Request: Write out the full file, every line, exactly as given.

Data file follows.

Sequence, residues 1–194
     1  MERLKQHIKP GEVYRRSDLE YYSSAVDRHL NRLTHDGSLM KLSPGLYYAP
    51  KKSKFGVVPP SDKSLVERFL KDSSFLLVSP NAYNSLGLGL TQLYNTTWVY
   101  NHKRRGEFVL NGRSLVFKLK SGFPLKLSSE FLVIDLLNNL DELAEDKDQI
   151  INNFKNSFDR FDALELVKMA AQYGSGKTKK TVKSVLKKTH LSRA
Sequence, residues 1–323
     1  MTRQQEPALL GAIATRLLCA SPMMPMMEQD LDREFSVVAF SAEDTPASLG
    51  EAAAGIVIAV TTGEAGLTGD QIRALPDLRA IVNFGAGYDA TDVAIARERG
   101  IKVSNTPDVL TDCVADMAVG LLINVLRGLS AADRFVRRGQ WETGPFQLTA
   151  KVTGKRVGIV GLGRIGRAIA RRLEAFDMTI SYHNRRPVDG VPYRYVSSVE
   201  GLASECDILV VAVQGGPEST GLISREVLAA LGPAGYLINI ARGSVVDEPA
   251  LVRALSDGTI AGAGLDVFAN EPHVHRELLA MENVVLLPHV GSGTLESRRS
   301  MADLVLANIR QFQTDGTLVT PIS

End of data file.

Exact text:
Sequence, residues 1–194
     1  MERLKQHIKP GEVYRRSDLE YYSSAVDRHL NRLTHDGSLM KLSPGLYYAP
    51  KKSKFGVVPP SDKSLVERFL KDSSFLLVSP NAYNSLGLGL TQLYNTTWVY
   101  NHKRRGEFVL NGRSLVFKLK SGFPLKLSSE FLVIDLLNNL DELAEDKDQI
   151  INNFKNSFDR FDALELVKMA AQYGSGKTKK TVKSVLKKTH LSRA
Sequence, residues 1–323
     1  MTRQQEPALL GAIATRLLCA SPMMPMMEQD LDREFSVVAF SAEDTPASLG
    51  EAAAGIVIAV TTGEAGLTGD QIRALPDLRA IVNFGAGYDA TDVAIARERG
   101  IKVSNTPDVL TDCVADMAVG LLINVLRGLS AADRFVRRGQ WETGPFQLTA
   151  KVTGKRVGIV GLGRIGRAIA RRLEAFDMTI SYHNRRPVDG VPYRYVSSVE
   201  GLASECDILV VAVQGGPEST GLISREVLAA LGPAGYLINI ARGSVVDEPA
   251  LVRALSDGTI AGAGLDVFAN EPHVHRELLA MENVVLLPHV GSGTLESRRS
   301  MADLVLANIR QFQTDGTLVT PIS